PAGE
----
There is no doubt that the Fiat’s driver knew, with great certainty, that his car had impacted the Mercedes twice. Experts concurred that the impact on the Mercedes by the Fiat was likely "forceful."
Because nobody inside the Mercedes was wearing a seat belt, the injuries from the impact and sudden deceleration of the car were great.
The damaged white Fiat Uno then pulled away and drove off effortlessly into the Paris night, its driver and even the Fiat itself never to be found.
Skid marks at the scene show that the Fiat’s driver never once hit his own brakes, and drove just fast enough so as not to become "entangled" in the accident.
The Mercedes, its front crushed, then swung out into the roadway as it bounced back from the impact with the pillar. Dodie died almost instantly from a completely severed aorta artery, as did the driver, Henri Paul. Trevor Rees-Jones’s face was literally impaled upon the shattered windshield and wreckage, with virtually every bone in it broken, but he was still alive.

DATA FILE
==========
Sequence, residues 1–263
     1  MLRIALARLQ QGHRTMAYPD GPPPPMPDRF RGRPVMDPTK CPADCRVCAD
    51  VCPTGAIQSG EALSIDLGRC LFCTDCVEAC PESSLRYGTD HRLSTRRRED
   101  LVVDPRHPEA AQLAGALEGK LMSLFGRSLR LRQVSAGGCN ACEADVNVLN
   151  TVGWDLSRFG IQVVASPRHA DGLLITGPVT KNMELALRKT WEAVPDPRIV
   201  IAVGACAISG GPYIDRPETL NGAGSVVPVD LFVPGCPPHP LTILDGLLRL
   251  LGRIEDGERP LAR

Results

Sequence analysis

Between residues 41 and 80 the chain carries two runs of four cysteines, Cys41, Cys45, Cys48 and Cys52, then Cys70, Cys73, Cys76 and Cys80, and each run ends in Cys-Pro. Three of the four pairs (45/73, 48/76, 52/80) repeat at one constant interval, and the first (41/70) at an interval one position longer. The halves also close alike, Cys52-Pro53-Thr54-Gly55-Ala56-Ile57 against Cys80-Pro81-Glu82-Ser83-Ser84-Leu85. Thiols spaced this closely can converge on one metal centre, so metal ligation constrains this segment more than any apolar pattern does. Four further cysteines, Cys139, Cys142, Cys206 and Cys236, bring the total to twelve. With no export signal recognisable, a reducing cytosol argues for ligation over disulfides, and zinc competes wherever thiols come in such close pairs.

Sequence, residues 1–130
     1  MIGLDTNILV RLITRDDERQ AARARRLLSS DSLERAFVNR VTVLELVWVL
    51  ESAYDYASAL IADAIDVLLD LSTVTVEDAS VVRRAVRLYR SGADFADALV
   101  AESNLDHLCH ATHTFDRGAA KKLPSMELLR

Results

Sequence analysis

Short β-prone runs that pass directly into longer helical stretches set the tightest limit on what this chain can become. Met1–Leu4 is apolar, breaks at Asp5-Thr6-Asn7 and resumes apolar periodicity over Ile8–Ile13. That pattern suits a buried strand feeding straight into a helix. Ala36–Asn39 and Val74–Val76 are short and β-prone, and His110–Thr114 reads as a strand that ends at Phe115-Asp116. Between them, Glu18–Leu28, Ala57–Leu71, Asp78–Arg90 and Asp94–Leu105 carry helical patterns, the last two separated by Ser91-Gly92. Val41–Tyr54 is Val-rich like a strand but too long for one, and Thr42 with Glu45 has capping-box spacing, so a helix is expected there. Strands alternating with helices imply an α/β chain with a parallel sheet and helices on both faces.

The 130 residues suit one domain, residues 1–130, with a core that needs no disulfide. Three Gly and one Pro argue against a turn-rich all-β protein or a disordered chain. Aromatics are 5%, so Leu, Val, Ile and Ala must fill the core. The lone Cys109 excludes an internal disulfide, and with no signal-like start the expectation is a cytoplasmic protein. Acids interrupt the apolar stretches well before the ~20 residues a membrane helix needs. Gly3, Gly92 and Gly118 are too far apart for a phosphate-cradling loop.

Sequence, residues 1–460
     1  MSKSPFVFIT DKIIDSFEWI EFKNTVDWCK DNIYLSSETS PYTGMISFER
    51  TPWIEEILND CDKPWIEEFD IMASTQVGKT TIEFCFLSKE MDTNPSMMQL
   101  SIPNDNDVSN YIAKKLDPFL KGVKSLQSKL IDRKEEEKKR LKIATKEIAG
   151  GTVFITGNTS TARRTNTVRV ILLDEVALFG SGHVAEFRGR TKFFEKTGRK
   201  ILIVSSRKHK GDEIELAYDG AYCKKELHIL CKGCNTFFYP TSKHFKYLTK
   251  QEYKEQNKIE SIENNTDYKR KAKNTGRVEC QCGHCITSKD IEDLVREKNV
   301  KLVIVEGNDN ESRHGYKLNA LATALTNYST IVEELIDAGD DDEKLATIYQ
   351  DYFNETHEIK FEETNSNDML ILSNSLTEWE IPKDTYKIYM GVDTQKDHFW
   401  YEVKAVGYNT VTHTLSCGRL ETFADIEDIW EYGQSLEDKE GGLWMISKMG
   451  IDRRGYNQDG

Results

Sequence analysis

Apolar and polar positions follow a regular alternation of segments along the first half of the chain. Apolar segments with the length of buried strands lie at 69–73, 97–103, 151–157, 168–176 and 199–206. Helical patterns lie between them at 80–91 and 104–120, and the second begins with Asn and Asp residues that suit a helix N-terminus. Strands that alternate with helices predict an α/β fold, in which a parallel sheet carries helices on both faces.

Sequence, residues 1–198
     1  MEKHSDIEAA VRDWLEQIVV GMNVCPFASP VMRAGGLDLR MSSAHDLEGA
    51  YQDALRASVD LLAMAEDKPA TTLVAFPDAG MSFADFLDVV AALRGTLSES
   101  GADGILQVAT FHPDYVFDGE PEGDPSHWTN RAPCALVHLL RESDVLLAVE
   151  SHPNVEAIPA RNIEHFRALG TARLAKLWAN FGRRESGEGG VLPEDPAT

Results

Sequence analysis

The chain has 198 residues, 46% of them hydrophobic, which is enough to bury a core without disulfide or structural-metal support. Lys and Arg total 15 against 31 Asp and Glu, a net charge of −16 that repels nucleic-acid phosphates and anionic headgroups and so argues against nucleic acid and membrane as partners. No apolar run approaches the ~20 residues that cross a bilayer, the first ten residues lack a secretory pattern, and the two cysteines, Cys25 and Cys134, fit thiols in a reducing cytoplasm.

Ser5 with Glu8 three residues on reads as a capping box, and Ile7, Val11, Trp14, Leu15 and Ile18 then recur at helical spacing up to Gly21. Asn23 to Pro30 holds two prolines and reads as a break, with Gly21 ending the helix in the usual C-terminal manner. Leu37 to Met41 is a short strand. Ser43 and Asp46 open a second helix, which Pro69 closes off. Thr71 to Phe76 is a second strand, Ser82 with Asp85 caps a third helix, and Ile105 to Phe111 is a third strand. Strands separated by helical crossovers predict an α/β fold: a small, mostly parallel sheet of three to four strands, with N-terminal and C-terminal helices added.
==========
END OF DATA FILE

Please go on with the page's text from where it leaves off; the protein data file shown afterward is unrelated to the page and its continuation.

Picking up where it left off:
And Diana was still alive as well.
Bleeding internally, but still alive.
Then, everyone supposedly rescuing her took their time, and she died, hours later, in hospital.
Evidence shows that had the passengers been wearing seat belts, their injuries would have likely been survivable. Had the Mercedes hit the opposite smooth tunnel wall instead of the deadly pillars, their injuries would have likely been survivable. Had there been no white Fiat Uno, there would likely have been no accident, and we’d be following Britain’s most favorite and beloved and fascinating princess today, wondering what she was wearing and what she was doing and who she was doing it with.
Well-paid paparazzi and reporters would keep us up-to-date via tabloids at the grocery store. We’d flip back and forth between Diana’s latest lover and our weekly crossword puzzle.
But it did not happen that way.